San Francisco

Melvin Hanson

Green Gallery

This small gallery has devoted three successive exhibitions to a memorial retrospective of works by the late Melvin Hanson. It is clear that the automobile collision which claimed Mr. Hanson’s life in 1962, at the age of 24, deprived the Bay Area of a promising artist in his formative years. The quotations from his writings in the gallery brochure as well as the exhibited work, reveal not only a youthful exuberance but a mystical viewpoint, reminiscent of William Blake’s, encompassing in its contemplations the demonic, the Dionysian, and the naively beatific. Currently exhibited is a series of charcoal and pastel drawings for a contemplated painting: The Temptation of St. Walt Disney. These drawings are charged with tense drama and movement and conjure an imagery partly derived from Disney’s cartoons and partly from Hanson’s imagination, and give the impression of a “translation” of Bosch and Gruenwald into a strange idiom containing elements of Pop Art vernacular. While it is clear from these and other drawings such as Study for a Portrait of Eric von Stroheim, that Hanson was slowly and successfully grappling with problems of technique pertinent to his personal viewpoint, the work suffers a lack of some of the facility and resources to which formal training, if not a sine qua non, is at least a short-cut. The first phase of this three-part exhibition featured assemblages, of which Icon to Nyla Marie was the most evocative: a whimsical cluster of dolls and cutouts in the Byzantine Rococo manner of a panel from a 19th-century Russian Orthodox Ikonostas.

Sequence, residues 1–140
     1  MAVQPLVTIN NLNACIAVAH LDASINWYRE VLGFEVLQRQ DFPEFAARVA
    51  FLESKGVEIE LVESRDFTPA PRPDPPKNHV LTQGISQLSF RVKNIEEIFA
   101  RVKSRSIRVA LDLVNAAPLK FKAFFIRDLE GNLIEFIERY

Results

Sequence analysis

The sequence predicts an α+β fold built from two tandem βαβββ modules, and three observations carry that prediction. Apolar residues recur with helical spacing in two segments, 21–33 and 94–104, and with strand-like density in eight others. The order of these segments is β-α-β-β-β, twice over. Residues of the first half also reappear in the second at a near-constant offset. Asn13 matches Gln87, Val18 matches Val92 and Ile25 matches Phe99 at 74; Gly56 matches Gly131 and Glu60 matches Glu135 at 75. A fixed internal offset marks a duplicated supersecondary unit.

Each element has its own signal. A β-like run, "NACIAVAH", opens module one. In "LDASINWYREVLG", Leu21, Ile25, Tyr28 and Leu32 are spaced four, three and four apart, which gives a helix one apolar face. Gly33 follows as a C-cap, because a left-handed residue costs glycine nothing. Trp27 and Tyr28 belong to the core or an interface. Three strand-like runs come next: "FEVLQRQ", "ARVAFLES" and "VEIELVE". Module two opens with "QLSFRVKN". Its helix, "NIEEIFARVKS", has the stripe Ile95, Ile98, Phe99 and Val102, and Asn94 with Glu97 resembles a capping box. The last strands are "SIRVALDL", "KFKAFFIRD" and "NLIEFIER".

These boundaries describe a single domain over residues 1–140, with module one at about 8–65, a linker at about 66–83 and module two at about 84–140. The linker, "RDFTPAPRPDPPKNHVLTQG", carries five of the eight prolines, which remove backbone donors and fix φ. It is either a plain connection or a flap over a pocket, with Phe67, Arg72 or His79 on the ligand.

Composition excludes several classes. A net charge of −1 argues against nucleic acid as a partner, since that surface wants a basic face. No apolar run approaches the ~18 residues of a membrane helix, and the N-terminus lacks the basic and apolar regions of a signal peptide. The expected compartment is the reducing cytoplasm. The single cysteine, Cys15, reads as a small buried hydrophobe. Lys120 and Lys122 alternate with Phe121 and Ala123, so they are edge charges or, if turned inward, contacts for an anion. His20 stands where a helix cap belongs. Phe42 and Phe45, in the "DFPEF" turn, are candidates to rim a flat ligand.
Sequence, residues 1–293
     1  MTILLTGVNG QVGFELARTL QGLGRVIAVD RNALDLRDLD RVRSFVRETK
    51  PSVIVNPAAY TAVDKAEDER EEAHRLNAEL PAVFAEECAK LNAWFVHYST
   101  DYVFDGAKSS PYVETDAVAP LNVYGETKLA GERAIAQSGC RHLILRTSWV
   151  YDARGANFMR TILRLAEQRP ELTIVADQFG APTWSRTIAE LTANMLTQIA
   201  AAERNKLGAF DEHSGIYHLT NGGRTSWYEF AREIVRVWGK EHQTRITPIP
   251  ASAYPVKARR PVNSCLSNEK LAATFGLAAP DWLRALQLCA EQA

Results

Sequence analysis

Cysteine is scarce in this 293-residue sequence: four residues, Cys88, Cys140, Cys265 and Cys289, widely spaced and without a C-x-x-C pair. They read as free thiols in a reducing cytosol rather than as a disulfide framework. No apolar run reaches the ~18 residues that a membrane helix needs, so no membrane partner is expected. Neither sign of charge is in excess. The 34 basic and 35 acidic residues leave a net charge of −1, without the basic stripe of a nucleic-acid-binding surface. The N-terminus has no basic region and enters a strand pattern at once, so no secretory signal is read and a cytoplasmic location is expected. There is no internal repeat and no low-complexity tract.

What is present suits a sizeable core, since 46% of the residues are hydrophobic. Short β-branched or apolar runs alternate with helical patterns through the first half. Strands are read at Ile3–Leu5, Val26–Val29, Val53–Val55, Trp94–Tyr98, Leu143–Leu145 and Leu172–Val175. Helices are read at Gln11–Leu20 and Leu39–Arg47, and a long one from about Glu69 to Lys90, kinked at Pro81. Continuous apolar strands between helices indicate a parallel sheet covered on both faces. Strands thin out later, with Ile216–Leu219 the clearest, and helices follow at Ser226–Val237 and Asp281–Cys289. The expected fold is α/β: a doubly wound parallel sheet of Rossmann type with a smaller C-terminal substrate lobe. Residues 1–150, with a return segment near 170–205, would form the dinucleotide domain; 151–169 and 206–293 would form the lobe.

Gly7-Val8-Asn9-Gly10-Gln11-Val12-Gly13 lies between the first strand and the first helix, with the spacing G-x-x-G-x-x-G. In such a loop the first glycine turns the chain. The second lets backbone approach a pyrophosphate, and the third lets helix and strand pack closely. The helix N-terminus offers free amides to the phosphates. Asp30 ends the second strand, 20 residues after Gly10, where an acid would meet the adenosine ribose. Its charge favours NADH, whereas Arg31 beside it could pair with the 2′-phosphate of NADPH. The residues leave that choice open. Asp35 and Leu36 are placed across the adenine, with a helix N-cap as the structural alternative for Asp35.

Palmer D. French